SAT Preparation - Books

Using SAT Prep Books

SAT prep books can improve student performance on the 2016 SAT. However, students should first ensure that any materials they purchase are relevant to the latest version of the test. Just as importantly, test-takers should understand that SAT prep books are best used as a supplement to rather than a substitute for informed and experienced instruction.

College Board SAT Prep Books

The College Board has published several titles that help students prepare for the 2016 SAT. The most significant of these is The Official SAT Study Guide. This book includes extensive coverage of all SAT sections, a summary of changes to the test, tips for improving performance, and four complete SAT practice tests. The Official SAT Study Guide is available for $24.99 from the College Board website or bookstores. Students can also purchase official guides for the SAT Subject Tests, including a volume devoted to all subject tests as well as books that are specifically about the mathematics and history tests. Among the College Board's other titles that may be of interest to SAT students are the College Handbook 2016, the Book of Majors 2016, The College Application Essay, the Scholarship Handbook, and Campus Visits and College Interviews.

Manhattan Review SAT Prep Books

Manhattan Review recently released the 2nd edition of the Turbocharge Your Prep series for the 2016 version of the SAT. The full series of 12 guides features individual volumes on the SAT's content areas and question banks that provide plenty of practice. These books were written by Dr. Joern Meissner, a career educator, business school professor, founder of Manhattan Review, and creator of its innovative test prep courses. They can be used as textbooks for Manhattan Review's SAT prep courses and private tutoring plans or as resources for self-study. Visit the SAT section of Manhattan Review's homepage to download a free copy of one of these titles.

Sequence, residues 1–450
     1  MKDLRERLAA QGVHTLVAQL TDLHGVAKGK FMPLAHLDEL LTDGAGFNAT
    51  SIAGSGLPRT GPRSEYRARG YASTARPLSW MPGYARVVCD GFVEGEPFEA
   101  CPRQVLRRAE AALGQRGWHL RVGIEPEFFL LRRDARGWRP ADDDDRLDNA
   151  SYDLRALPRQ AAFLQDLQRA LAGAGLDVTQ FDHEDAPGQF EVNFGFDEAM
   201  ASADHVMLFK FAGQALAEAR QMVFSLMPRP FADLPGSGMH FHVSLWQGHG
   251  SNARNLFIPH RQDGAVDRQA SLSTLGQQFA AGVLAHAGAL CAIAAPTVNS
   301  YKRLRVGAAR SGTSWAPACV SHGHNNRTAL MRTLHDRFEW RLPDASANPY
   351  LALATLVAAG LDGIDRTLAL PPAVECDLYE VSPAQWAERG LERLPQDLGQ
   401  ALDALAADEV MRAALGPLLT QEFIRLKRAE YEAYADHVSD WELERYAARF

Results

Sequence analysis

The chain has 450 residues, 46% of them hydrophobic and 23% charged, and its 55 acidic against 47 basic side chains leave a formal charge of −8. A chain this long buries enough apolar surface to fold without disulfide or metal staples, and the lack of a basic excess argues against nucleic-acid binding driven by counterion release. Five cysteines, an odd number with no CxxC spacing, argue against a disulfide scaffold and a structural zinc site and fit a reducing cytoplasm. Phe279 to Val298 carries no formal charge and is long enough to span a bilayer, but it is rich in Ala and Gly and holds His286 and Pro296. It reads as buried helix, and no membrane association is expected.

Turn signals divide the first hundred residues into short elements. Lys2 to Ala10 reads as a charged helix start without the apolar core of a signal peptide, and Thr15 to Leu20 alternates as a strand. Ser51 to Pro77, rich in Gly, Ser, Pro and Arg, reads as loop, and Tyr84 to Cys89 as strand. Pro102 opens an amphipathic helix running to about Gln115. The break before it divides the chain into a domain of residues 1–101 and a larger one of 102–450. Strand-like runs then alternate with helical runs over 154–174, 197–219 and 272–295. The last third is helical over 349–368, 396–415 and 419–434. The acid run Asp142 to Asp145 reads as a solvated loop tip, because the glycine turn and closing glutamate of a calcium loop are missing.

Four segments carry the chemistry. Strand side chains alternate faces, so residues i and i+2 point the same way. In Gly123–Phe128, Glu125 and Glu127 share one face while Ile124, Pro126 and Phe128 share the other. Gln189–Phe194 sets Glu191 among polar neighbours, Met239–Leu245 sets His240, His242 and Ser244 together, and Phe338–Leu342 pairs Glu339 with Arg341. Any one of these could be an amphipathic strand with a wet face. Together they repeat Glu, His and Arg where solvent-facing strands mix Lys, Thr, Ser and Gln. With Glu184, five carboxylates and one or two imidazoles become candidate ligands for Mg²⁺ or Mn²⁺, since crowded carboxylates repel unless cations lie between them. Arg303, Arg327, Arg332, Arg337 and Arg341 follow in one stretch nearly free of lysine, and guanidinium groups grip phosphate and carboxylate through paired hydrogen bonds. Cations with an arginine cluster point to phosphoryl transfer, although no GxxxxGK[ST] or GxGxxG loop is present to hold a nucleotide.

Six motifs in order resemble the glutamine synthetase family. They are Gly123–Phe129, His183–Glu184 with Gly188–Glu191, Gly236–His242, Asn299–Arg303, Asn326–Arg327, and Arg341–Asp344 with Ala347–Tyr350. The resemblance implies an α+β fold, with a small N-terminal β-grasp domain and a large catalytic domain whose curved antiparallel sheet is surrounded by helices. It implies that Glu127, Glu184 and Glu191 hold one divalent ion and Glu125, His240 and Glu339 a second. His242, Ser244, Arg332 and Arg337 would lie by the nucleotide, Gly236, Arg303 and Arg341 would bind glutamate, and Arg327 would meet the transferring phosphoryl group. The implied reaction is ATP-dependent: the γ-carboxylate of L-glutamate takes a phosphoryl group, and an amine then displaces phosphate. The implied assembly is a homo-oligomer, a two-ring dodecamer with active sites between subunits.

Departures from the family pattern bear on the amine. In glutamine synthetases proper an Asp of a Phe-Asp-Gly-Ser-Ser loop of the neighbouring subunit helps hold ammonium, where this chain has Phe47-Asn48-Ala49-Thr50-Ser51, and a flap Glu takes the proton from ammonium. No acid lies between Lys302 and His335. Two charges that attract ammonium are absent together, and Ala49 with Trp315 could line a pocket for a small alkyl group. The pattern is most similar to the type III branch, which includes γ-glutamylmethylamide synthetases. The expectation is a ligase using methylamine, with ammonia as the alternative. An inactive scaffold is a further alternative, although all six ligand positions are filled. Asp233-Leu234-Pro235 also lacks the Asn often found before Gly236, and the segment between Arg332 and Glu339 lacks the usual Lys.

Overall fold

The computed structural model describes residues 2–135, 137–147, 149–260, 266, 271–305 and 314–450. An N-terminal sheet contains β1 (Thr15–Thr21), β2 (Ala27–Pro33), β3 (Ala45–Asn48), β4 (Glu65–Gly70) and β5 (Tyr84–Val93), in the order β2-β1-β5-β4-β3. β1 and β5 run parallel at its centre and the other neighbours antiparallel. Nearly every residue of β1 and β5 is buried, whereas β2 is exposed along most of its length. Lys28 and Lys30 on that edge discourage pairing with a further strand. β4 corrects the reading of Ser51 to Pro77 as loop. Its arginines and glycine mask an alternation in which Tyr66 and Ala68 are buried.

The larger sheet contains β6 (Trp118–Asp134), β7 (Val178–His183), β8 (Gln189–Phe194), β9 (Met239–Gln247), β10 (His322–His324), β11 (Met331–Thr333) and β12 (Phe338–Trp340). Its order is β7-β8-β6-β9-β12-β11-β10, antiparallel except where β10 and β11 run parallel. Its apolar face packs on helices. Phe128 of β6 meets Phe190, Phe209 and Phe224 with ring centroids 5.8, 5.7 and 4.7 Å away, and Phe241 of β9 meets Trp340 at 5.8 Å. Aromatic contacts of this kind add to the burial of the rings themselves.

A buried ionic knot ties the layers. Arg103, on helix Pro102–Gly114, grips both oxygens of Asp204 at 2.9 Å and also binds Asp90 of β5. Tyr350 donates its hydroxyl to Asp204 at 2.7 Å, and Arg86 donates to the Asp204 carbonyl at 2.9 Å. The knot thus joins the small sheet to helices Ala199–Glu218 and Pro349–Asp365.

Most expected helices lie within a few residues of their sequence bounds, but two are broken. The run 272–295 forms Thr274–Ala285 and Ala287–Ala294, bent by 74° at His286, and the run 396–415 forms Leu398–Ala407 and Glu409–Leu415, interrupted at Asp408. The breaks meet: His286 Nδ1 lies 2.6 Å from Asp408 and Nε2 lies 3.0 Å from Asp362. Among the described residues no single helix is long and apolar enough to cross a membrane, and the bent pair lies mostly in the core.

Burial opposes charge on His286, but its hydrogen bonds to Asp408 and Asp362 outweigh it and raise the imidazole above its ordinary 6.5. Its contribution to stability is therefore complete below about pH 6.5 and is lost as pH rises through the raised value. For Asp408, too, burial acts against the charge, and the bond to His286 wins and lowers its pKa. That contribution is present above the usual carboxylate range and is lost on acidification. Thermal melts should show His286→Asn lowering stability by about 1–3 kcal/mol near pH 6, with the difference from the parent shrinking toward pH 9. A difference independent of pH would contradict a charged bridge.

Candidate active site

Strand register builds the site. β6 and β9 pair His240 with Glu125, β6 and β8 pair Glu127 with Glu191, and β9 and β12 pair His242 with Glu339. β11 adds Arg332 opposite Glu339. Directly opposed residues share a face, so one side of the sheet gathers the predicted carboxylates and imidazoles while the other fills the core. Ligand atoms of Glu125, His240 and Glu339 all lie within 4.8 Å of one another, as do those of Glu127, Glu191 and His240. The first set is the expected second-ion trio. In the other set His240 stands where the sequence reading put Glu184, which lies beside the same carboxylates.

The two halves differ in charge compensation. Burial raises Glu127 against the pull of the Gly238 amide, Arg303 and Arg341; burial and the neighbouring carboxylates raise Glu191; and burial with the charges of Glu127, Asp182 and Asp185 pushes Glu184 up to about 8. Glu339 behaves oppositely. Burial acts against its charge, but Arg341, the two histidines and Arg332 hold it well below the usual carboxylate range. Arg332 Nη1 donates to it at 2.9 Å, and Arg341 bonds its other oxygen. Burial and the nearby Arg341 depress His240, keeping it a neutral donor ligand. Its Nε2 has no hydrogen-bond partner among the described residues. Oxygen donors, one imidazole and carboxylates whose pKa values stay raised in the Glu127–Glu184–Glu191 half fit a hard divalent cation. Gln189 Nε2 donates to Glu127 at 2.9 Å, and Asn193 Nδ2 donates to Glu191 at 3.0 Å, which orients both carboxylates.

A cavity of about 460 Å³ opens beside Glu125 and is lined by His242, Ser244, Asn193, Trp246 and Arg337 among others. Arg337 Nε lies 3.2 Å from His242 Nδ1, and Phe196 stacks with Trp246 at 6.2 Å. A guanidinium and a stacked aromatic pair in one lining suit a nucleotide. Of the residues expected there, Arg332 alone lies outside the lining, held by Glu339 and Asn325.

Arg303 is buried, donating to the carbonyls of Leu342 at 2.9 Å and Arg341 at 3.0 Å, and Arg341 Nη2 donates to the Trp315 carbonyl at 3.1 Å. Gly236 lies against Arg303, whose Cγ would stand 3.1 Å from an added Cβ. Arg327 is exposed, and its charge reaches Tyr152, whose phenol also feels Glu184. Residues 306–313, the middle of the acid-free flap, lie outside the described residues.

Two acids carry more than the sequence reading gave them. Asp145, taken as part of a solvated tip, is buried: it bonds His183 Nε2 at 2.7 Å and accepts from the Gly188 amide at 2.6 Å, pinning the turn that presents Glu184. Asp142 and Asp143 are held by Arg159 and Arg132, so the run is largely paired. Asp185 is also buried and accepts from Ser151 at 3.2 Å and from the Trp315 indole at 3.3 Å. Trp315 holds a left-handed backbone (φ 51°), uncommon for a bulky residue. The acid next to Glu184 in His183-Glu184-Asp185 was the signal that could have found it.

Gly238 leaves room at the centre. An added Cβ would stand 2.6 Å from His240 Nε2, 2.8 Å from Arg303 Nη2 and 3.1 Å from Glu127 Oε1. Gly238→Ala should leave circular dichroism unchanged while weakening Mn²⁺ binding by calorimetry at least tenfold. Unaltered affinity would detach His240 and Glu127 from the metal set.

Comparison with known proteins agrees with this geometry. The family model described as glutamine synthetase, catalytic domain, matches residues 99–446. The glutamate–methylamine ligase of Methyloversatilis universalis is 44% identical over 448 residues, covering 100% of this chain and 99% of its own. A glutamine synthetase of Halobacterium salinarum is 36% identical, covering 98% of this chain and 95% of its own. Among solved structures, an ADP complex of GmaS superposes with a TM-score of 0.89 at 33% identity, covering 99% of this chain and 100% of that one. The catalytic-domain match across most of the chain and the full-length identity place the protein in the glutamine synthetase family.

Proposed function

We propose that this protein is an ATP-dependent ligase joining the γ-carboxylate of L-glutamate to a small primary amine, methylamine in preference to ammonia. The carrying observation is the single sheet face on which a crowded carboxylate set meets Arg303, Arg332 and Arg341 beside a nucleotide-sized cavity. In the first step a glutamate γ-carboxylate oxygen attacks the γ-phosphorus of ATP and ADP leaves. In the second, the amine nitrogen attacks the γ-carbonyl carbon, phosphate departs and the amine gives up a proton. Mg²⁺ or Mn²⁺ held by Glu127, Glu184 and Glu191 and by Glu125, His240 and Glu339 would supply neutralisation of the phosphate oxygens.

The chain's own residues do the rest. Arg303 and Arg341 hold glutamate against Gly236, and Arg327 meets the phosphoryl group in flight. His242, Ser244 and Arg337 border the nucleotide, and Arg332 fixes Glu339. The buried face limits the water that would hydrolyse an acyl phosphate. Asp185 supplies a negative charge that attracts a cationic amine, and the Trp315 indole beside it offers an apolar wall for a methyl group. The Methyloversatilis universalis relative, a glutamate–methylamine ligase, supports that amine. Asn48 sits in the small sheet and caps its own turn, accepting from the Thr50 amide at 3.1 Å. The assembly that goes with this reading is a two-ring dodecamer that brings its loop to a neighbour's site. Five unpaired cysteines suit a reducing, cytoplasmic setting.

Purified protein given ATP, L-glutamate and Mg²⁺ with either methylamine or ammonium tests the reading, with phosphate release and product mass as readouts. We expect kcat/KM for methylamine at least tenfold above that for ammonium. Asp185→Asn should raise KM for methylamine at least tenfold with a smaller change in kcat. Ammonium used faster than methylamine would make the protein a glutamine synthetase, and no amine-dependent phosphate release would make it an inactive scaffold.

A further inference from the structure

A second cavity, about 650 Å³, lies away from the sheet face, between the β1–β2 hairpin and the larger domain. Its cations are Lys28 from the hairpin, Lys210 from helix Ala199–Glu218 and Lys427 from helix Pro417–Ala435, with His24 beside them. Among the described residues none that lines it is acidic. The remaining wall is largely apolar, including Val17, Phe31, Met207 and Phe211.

Recommended Reading Lists

Several educators have compiled general reading lists for college-bound students and collections of titles helpful to SAT preparation, which can be found via general internet searches. Browsing the internet in this fashion will yield a large number of commercial websites, but students are advised to most strongly consider the lists posted by teachers. Familiarity with the books on these lists can give test-takers an advantage. Test-takers should also consult the reading lists associated with Advanced Placement courses, since these have all been approved by the College Board. AP courses in literature, mathematics, and history are most relevant to students preparing for the 2016 SAT.

Self-Study Plans

Self-study plans are completely dependent on student organizational skills, time management abilities, and proactive approaches to learning. They are therefore not recommended for most types of students, but highly motivated test-takers have been known to succeed on their own. Self-study plans should make use of the Official SAT Study Guide, sectional preparation handbooks (such as Manhattan Review's Turbocharge Your Prep series for the new SAT), and practice tests. Students considering self-study plans may wish to begin far in advance of the test date, which would still leave time for professional SAT instruction if self-study produces disappointing results.

Research Relevant to Self-Study

Many older studies on the effects of SAT coaching have been criticized for failing to include control groups of un-coached students. The 21st century has seen the emergence of more precise research on the SAT. A study published in 2002 ("An SAT Coaching Program That Works," by Jack Kaplan of Quinnipiac University) compared the SAT Math scores of two groups of students in a summer prep course with a control group of students who did not take the course. The prep course groups improved their average SAT Math scores by 60 and 73 points, while the control group's scores went up by an average of only 13 points. "Signaling, SAT Coaching, and Selective College Admissions," a 2010 paper written by Jun Ishii of Amherst College and Travis Chamberlain of the London School of Economics, concludes that SAT coaching "seems to help disproportionately students who are weaker in the tested aptitudes but have academically achieved more, as measured by grades (GPA) and observable quality of attended high school." High-achieving students who struggle with standardized testing benefit the most from SAT prep courses. The effectiveness of professional SAT instruction is demonstrated by this research, but it also suggests the ineffectiveness of self-study methods.